More than ever, “sisters are doing it for themselves”. The proof? Well, just look around you. If you want something more official, though, the Boston Consulting Group says one billion women now participate in the global workforce, and this number will increase to 1.2 billion over the next five years. What’s more, women-owned entities in the formal sector represent approximately 37% of enterprises globally, according to Entrepreneur India.
But – and there’s always a “but” following really good news – too few of these women are taking action early enough to secure their futures, and the futures of their families and business interests through estate planning.
In a nutshell, estate planning is “the act of preparing for the transfer of a person's wealth and assets after his or her death”, and it’s a must-have if you have children, a job or run your own business, because women generally outlive men by six years or longer, and, in 2015, a poll of more than 9 500 women in the G20 countries revealed that 44% found work/life balance to be their biggest work-related issue.
According to experts, the above information taken together means women are concerned about protecting and empowering their children, but are becoming more worried that they may not have enough in retirement for themselves, especially if their husbands predecease them.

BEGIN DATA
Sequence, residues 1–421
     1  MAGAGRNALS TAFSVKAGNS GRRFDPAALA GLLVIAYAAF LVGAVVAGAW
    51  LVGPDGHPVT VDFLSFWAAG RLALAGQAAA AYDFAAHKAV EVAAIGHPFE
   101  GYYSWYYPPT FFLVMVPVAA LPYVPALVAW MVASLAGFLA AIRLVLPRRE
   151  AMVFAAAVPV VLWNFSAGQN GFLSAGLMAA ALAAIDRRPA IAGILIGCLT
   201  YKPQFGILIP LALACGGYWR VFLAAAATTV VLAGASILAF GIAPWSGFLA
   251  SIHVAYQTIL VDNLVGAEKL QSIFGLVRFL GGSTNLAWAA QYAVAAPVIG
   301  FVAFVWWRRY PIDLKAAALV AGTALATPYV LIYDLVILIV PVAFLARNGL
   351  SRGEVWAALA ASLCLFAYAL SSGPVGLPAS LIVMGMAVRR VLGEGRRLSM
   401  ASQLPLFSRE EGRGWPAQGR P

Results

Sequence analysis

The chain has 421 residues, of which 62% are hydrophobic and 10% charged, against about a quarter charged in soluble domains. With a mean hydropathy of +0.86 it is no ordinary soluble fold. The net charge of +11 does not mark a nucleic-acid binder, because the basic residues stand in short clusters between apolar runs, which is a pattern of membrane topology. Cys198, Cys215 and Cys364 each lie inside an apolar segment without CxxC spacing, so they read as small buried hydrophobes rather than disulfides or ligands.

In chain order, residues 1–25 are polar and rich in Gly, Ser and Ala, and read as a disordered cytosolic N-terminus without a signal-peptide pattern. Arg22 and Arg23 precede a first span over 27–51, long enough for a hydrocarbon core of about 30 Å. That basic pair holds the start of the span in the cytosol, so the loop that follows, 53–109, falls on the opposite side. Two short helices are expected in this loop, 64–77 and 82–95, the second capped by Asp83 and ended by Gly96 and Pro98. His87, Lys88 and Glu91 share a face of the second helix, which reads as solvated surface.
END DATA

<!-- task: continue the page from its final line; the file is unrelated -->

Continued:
Fortunately, such situations can be avoided through estate planning. Now, any form of financial planning can be tricky, so we’ve laid out the basics to get you started.
A holistic estate plan includes:
A good move if you run your own company and want to ensure its longevity, succession planning is the development of internal people into key leadership roles.
This is a crucial part of an estate plan if you want to continue to provide for your children after your death. Intergenerational planning involves, for instance, appointing guardians for minor children, identifying trustees to manage funds and drafting a will.
Essentials of an estate plan:
Every estate plan must include the following:
A will: A will is a legally-binding statement instructing who will receive your property at your death.
A trust: A legal arrangement through which one person (or an institution, such as a bank), called a "trustee" holds legal title to property for another person, the "beneficiary." Trusts have one set of beneficiaries during those beneficiaries' lives, and another set who benefit only after the first group has died.
Power of Attorney: This allows a person you appoint to act in your place for financial purposes if you ever become too weak.
Beneficiary designations: Make sure your beneficiary designations are up to date, or the distribution of benefits may be controlled by the state.
Proper estate planning is complex, so don’t hesitate to get in touch with a financial advisor who can help you build a more prosperous and secure tomorrow for yourself, family or business.